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Hiring slowed sharply in February as employers added just 20,000 jobs amid harsh winter weather and a weakening U.S. and global economy.
That’s the fewest job gains since September 2017, when major hurricanes curtailed employment. Economists had expected about 181,000 jobs to be added in February.
The unemployment rate fell to 3.8 percent from 4 percent, the Labor Department said Friday. The partial government shutdown boosted the jobless rate in January as many federal government employees told Labor survey takers they were unemployed or on temporary leave, and an offsetting drop was expected as those workers returned.
Economists were looking for a pullback in payroll growth last month after outsize gains in January that were inflated by unusually mild weather. Meanwhile, above-average snowfall when Labor conducted its survey in mid-February was set to reduce total employment by at least 40,000, Goldman Sachs said.
A small consolation: Job gains for December and January were revised up by a total 12,000. December’s numbers was upgraded from 222,000 to 227,000, and January’s from 304,000 to 311,000.
The U.S. economy is expected to slow this year after federal tax cuts and spending increases juiced growth in 2018. The economy grew 2.9 percent last year, the second strongest showing of the nearly 10-year-old expansion, and monthly job growth averaged a robust 223,000.
But those stimulus effects are expected to fade by late this year. At the same time, the low unemployment rate is making it harder for employers to find qualified workers. Economists estimate monthly job gains will average about 170,000 in 2019.
“It’s clear that the labor market is losing momentum,” economist Michael Pearce of Capital Economics wrote in a note to clients.
The global economy, particularly China and Europe, also has softened, crimping manufacturing production and hiring lately. President Donald Trump’s trade war with China has dampened the confidence of many businesses despite recent signs of progress in talks between the two countries.
Wage growth hits 10-year high
Average hourly earnings rose 11 cents to $27.66, pushing up the annual gain from 3.2 percent to 3.4 percent, highest since April 2009.
Pay increases have accelerated as employers bid up to draw a shrinking pool of available workers amid a historically low unemployment rate. Average wage growth is expected to reach 3.5 percent by the end of the year, an advance that could spark faster inflation and prod the Federal Reserve to raise interest rates more rapidly. For now, Fed officials recently said they will be patient on rate hikes as they assess the fallout from the slowing global economy and volatile financial markets.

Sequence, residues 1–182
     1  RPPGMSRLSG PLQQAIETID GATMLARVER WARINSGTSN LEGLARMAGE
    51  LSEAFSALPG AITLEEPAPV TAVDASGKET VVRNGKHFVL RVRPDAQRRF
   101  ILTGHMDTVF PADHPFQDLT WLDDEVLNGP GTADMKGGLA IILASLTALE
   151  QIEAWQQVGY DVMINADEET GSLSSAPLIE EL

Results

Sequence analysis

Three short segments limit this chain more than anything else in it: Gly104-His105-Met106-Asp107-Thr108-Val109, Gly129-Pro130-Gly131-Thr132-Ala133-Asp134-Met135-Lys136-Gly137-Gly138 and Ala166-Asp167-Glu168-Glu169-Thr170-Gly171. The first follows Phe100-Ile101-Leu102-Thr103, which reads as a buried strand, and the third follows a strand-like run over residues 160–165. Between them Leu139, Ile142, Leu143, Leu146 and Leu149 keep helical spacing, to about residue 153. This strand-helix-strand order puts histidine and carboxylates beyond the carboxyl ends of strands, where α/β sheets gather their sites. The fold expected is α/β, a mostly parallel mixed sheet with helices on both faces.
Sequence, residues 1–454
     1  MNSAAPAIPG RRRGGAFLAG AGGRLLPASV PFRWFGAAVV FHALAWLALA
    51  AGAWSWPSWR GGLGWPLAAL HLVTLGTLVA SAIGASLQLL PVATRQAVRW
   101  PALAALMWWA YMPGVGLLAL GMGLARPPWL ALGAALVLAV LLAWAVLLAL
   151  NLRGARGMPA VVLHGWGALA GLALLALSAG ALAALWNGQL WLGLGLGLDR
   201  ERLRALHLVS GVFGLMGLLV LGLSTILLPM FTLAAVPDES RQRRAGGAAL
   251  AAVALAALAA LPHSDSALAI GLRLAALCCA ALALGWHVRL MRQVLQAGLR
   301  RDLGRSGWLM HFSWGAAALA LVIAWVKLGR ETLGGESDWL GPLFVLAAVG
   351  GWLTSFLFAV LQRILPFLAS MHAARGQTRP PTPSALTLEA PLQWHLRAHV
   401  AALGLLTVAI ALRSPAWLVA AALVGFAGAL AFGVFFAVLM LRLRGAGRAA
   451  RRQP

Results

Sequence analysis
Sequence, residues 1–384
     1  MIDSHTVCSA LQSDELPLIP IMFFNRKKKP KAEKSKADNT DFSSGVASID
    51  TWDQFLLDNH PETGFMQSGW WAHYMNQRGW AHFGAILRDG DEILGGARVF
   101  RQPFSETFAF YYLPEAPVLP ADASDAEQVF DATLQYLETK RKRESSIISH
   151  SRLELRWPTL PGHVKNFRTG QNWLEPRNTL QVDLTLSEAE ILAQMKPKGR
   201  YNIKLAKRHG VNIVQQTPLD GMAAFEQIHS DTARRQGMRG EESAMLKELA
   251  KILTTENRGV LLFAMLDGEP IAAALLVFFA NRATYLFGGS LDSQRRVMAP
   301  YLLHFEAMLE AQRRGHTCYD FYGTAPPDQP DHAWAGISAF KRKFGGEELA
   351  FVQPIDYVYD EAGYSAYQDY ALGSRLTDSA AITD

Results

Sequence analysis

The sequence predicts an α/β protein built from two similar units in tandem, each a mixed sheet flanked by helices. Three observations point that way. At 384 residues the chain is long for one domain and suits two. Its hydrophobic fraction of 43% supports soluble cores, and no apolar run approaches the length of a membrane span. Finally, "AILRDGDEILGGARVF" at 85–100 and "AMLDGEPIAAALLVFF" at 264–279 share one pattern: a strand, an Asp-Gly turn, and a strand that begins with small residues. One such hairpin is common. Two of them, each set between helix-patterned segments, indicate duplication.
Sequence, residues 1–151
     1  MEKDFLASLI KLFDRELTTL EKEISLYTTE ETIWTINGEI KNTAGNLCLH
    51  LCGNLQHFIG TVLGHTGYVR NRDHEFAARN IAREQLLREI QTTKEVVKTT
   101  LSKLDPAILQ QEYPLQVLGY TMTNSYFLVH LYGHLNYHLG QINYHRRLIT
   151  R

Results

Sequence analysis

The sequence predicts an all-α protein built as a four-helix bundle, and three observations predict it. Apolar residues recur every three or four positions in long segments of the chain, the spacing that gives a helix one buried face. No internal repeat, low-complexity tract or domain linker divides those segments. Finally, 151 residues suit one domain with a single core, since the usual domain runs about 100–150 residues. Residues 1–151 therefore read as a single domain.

Industries that are hiring
Professional and business services led the meager job gains with 42,000. Healthcare added 22,000 jobs; and manufacturing, which is grappling with the slower overseas economy and trade war, added just 4,000. Employment fell by 31,000 in construction and 6,000 in retail and was unchanged in leisure and hospitality – signs that bad weather suppressed payrolls last month.
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Broader jobless measure plunges
A wider measure of unemployment – that includes discouraged workers who have given up job searches and part-time workers who prefer full-time jobs, as well as the unemployed – tumbled from 8.1 percent to 7.3 percent, lowest since April 2001.
That’s good news because it means rising wages and employers’ struggles to find workers are pulling Americans on the margins back into the labor force. But part of the decline can be chalked up to a natural retreat after the rate jumped from 7.6 percent in January as government workers idled by the shutdown took part-time jobs, says economist Ian Shepherdson of Pantheon Macroeconomics.
What it means
Last month’s measly job growth can largely be chalked up to snowstorms and an offsetting rebound after balmy weather artificially pumped up January’s gains. Payroll gains over the past three months have averaged an “entirely respectable” 186,000, Shepherdson notes.
Still, the slowdown was much worse than expected and likely reflects an economy that’s downshifting some after government stimulus spurred faster growth last year, as well as a low unemployment rate that’s causing more worker shortages.
Despite the pickup in pay increases, the report bolsters the Fed’s plan to remain patient and see how the economy evolves before raising interest rates again, according to a report by Bank of America Merrill Lynch.
Labor force participation stays at 5-year high
The share of American adults working or looking for jobs stayed at 63.2 percent, highest since September 2013, as more Americans on the sidelines, including discouraged workers and retirees, streamed into a favorable labor market offering more jobs and higher wages. That shows the January rise wasn’t a one-month blip.
Eventually, the labor force participation rate is expected to resume its longer-term decline as millions of baby boomers retire.
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